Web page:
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[RC] Melissa's Mongol "Dream Team" - k s swigart

Melissa said:

Please email to ridecamp some of your ledgendary
?rider role-models, especially some of the names
?of International riders with incredible records
?of consistent completions that we maybe haven't
?heard of very often here.
Well... if I were going to pick one person who I thought might have the best 
chance of completing this thing, I would put my money on Louis Brunke (sp?) way 
before I would put it on Tribly Pederson, even when she was still riding.
To my knowledge, Louis Brunke has never completed a sanctioned endurance ride 
in his life.? He did, however, complete the "CSMF of all time."? He is one of 
the two riders who completed the Ride Across the Americas from end to end on a 
14 hh pony.? He followed an unmarked trail from the tip of South America to the 
North Shore of Alaska sometimes covering as little as a few miles a day as he 
hacked his way with a machete through the dense undergrowth of tropical rain 
forest.? At times his horses sustained themselves on dried corn husks.
I mention him because I want to illustrate that a record of completing 
sanctioned endurance rides is little indication of being able to complete 
something like the Mongol Derby as near as I can understand the concept from 
what I have been able to glean on the Internet (which I am willing to concede 
may not be accurate).
But, it seems to me that what is required to complete the Mongol Derby bears 
very little resemblence to what is required of virtually any sanctioned 
endurance ride.? The 2001 XP was the closest that I could think of, but, as 
many people mentioned, it DID parallel a major Interstate highway for much of 
the way and at no time were any of us ever very far from a Wal Mart.
I realize that most people here (and in fact most people anywhere) have little 
experience with having to actually navigate on unmarked trails and that most 
endurance riders complain mightily about poor trail markings if the trail is 
not sufficiently well marked that it cannot be followed at whatever speed you 
choose.? In fact, there have been a couple of articles in the last few months 
ago in the Endurance News about just this topic.
If you look in the February EN article about "Steve's no-fail trail marking 
tips" (p. 8) and the June EN article by Stagg Newman about how to ensure that 
you are still on trail, you will note that they do not apply to this ride 
across Mongolia...so riding a marked endurance trail is little preparation for 
this Mongolian event.
If _I_ were the organizer of this event, the ability to do an endurance ride 
would be pretty low on my list of essential criteria.? The ability to navigate 
in unmarked terrain, that would probably be pretty high (higher, even, if you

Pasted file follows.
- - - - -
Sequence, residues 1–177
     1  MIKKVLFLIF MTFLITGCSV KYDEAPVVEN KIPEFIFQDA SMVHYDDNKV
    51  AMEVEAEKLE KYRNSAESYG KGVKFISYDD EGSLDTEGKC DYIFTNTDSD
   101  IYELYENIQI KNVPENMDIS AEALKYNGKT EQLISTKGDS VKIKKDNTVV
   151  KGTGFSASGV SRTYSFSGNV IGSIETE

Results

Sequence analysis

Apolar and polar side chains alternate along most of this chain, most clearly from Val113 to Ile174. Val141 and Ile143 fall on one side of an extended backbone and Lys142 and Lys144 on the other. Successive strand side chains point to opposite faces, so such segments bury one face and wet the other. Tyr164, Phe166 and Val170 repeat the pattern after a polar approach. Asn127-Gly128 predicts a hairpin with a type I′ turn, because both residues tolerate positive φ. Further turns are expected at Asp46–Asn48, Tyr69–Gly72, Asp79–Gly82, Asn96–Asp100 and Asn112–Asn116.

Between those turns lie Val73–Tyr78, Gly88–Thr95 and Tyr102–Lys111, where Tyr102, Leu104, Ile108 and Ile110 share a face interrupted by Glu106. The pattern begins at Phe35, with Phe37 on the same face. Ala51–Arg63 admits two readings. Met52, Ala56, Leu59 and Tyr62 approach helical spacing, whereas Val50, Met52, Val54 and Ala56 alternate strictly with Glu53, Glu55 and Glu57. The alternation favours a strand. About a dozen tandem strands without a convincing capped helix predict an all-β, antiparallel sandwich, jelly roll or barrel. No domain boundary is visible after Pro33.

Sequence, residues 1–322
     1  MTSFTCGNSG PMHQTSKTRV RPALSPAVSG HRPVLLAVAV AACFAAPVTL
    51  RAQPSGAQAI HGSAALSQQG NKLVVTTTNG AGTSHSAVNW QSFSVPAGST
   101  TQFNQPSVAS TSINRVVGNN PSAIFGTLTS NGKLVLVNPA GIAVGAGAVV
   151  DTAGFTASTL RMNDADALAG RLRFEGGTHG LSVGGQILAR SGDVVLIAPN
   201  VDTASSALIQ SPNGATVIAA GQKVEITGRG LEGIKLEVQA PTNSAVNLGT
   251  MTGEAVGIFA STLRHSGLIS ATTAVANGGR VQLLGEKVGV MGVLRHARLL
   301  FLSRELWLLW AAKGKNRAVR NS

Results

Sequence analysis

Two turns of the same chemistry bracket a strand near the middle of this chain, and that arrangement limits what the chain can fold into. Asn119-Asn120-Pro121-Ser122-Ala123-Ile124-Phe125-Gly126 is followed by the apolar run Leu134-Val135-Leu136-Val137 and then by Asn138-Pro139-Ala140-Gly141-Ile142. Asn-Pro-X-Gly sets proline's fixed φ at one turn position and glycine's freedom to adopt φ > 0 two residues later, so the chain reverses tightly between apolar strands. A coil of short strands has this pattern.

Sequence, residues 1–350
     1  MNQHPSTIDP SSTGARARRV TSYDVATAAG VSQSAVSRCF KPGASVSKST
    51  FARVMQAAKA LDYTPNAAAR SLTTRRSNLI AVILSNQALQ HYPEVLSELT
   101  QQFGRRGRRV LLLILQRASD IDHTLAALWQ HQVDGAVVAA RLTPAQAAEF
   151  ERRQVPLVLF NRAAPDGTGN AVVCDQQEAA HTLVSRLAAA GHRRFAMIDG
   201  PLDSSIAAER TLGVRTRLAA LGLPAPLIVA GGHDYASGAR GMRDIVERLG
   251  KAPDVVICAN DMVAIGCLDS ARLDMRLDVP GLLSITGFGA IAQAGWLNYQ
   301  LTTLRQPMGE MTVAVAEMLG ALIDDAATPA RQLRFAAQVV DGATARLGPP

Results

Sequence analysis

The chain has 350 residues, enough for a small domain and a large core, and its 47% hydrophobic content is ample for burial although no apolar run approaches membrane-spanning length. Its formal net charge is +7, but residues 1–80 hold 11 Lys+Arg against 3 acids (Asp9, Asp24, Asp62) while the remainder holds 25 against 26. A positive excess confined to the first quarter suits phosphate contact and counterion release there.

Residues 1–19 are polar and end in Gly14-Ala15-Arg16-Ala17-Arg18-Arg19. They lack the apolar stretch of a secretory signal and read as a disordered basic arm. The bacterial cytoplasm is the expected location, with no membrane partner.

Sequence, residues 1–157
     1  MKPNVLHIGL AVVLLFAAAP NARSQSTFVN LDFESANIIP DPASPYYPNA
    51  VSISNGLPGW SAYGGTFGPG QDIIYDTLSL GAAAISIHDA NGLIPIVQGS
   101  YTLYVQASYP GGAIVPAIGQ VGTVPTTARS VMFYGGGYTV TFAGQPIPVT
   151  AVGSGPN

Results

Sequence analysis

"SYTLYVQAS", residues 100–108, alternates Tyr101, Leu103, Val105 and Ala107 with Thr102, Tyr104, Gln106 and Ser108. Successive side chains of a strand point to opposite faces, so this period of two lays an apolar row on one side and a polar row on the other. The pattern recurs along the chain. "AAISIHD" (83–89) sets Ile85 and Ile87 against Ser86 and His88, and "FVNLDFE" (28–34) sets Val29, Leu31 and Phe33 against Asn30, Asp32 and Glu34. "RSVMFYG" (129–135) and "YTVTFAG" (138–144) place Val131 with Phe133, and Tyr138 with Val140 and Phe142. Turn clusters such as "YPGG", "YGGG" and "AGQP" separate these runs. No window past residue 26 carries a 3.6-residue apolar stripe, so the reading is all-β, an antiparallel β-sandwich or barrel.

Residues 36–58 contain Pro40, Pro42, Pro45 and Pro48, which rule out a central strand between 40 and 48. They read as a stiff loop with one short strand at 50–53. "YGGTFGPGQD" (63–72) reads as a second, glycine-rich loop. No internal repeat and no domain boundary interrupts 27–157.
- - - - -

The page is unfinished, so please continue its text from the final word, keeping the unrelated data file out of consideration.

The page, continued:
ask me, than the ability to ride a horse), some experience with travelling in a 
third world country and knowing about both foreign languages and, um, less than 
sanitary conditions and food...pretty high, the ability to "survive in the 
wilderness" (what we called it in the Boy Scouts, I even have a merit badge for 
it) really high, but number one on my list would be the ability to rapidly 
evaluate a changing situation, adjust to it, switch to an alternate plan, or to 
quit before getting yourself into something that you cannot get out of.
Ironically enough, by the way that they are set up, modern-day sanctioned 
endurance rides do not do much to foster any of these skills.? The Duck's "you 
are on your own out there" and "don't count on me to save your horse's life" go 
a little way to fostering some of these skills (although I am still trying to 
figure out why it is okay for the Duck to say it, but not The Adventurist), but 
rides on trails marked with surveyor's ribbon every 20 feet and chalk arrows 
pointing the way to go at every intersection, along with mandatory stops at 
frequent intervals where they can force you to quit if you are too ignorant to 
figure it out on your own along with feed and water for your horse, and 
sandwiches and cookies for the rider, and multitudes of support people (whether 
you brought them yourself or provided by ride management) do not prepare you 
for anything other than the "ride the horse" part.
This isn't to say that no modern-day endurance rider has these skills, just 
that they are hardly essential for completing an endurance ride.? So a long 
record of completing endurance rides is not the criteria that _I_ would use to 
select the best participants for such an adventure.? So it is hardly surprising 
to me that the successful adventurist of The Adventurists also did not have it 
as one of their pre-requisites.
Orange County, Calif.
p.s.? The old Outlaw Trail multi-day ride came a damned sight closer to 
fostering these skills than any AERC ride I have done before or since.? And I 
am reminded of the statement that was made by one of the vets at the only vet 
check on the first day of the first time I rode it (~45 miles into the ride, 
mind you) when talking about a horse that had to be led/dragged by its 
rider?the 20 miles off the Boulder Top, "If that horse doesn't come back under 
its own steam, then that horse isn't coming back."? We have places right here 
in the good old USofA where horses are a long ways from veterinary attention, 
even at endurance rides.? But if they were to put on the Outlaw Trail again, I 
would be the first one to sign up...even if it weren't sanctioned (which it 
probably couldn't be, because of the Federal Government restrictions on use of 
the land).

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